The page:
There are those who choose to take jobs that almost immediately make them unpopular, at least unpopular to those factions that are always on the opposing side.
Theresa “Huck” Two Bulls chose to run for the presidency of the Oglala Sioux Tribe knowing full well that it would probably be the most difficult job she has ever undertaken. Politics on the Pine Ridge Reservation can be vicious. There are no opposing political parties because Democrats or Republicans do not figure into the political spectrum. The politicians are homegrown and they come with all of the passion and ferocity that was a part of their personal trials.
Two Bulls, like all of her predecessors, inherited a tribal government deep in debt. She inherited all of the problems that have plagued Pine Ridge for 100 years. All of the problems can be measured as extreme. There is perpetual poverty, crumbling schools; a law enforcement system short on manpower and funds. She inherited a dominion where gangs one would expect to find in Chicago are now growing their form of crime and violence on her turf.
She inherited a housing problem one can only describe as disastrous. Her housing director, Paul Iron Cloud, an honest and dedicated civil servant, has struggled, pleaded and begged the Housing and Urban Development Administration to step in and provide the financial assistance needed to construct new homes and repair those that are in such bad disrepair that they would be condemned as uninhabitable in any community outside of the reservation. You will find homes in horrible condition that are housing two and even three families. The shortage of homes is a disaster.
Two Bulls inherited an administration that faces an unemployment rate that hovers at nearly 80 percent. There are more than 20,000 residents of Pine Ridge and most of the available jobs are with the tribal government, the schools, or the Bureau of Indian Affairs. There are small businesses scattered throughout the reservations nine districts, but none that employ the reservation’s residents in large numbers. The 1980 U. S. Census named Shannon County, the heart of the Pine Ridge Reservation, as the single poorest county in America.
She inherited a health care system through the Indian Health Service that barely survives each year because of inadequate funding. Thus the rampant, epidemic diseases of diabetes and heart conditions that have helped to reduce the life expectancy on the reservation the lowest in America and the equivalent of the worst Third World countries. The death of newborns and the number of stillborns are so high that at one time in 2009 as many eight per month were reported. If this was happening in any other community in America there would be a horrendous outcry.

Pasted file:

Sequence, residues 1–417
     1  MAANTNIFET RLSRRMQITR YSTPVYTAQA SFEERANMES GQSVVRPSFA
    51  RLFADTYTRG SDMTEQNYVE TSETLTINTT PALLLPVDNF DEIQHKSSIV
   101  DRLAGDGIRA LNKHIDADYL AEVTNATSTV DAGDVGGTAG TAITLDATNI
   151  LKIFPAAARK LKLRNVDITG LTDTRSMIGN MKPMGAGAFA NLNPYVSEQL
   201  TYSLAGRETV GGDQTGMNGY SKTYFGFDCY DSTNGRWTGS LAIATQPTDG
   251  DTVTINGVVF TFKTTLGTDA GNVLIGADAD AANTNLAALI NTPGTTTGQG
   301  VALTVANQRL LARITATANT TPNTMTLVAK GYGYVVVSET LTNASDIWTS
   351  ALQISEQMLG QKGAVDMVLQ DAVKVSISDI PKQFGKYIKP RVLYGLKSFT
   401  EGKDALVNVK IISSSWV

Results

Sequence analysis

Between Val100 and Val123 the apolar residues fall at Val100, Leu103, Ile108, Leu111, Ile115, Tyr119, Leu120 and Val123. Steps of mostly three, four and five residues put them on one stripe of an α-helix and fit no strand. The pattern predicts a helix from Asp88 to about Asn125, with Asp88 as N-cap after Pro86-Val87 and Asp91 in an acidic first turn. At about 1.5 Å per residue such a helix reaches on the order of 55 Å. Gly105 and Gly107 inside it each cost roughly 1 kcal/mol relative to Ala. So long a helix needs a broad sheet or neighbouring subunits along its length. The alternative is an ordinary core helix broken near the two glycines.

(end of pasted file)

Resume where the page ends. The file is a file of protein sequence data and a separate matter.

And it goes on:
Two Bulls is the second woman to ever serve as President of the Oglala Sioux Tribe. Her predecessor, Cecilia Fire Thunder, was impeached because of her pro-stance on abortion .There are those who still believe that she was impeached because she was a woman. Four months into her administration Two Bulls faced rumors of impeachment that never materialized. It is still a factor that lurks in the shadows in her political life, but she is determined not to let it color her ability to make sound decisions for the people.
When an epidemic of teen suicides erupted on the reservation, she declared a state of emergency to address and, hopefully, solve the recurring problem. When a severe blizzard struck last week Two Bulls set emergency measures in motion in order to get propane, wood and food, to the many residents stranded in their homes far out on the reservation.
When Native American veterans of the Korean War were honored recently in Rapid City, Theresa Two Bulls was the only tribal president to show up and to walk down the row of veterans shaking their hands and placing a kiss on the cheek of all 41 veterans being honored. Many of the veterans felt privileged that she would take the time out of her busy schedule to honor them.
Two Bulls still has a tall hill to climb. The myriad of problems on Pine Ridge would appear to be insurmountable, but she chose to run for the office of the president and she won. Having served as vice president a few years ago, she knew exactly what she was getting into and said after the election, “Every day I have people come to my office because my door is always open and they are the young and the elderly and many people in the middle, and the tell me over and over that they are praying for me and it scared me at first, but now I accept it and it really helps me.”
She has said she did not win this job in order to be in a popularity contest, but instead she took the job in order to; in the best of her ability, improve the lives of the people of the Pine Ridge Indian Reservation and therein lays her motivation. Anyone wishing to let Two Bulls know how they feel can reach her at email@example.com.
She deserves and needs the support of everyone.
Tim Giago, an Oglala Lakota, is the publisher of Native Sun News. He was the founder and first president of the Native American Journalists Association, the 1985 recipient of the H. L. Mencken Award, and a Nieman Fellow at Harvard with the Class of 1991. Giago was inducted into the South Dakota Newspaper Hall of Fame in 2008. He can be reached at firstname.lastname@example.org.
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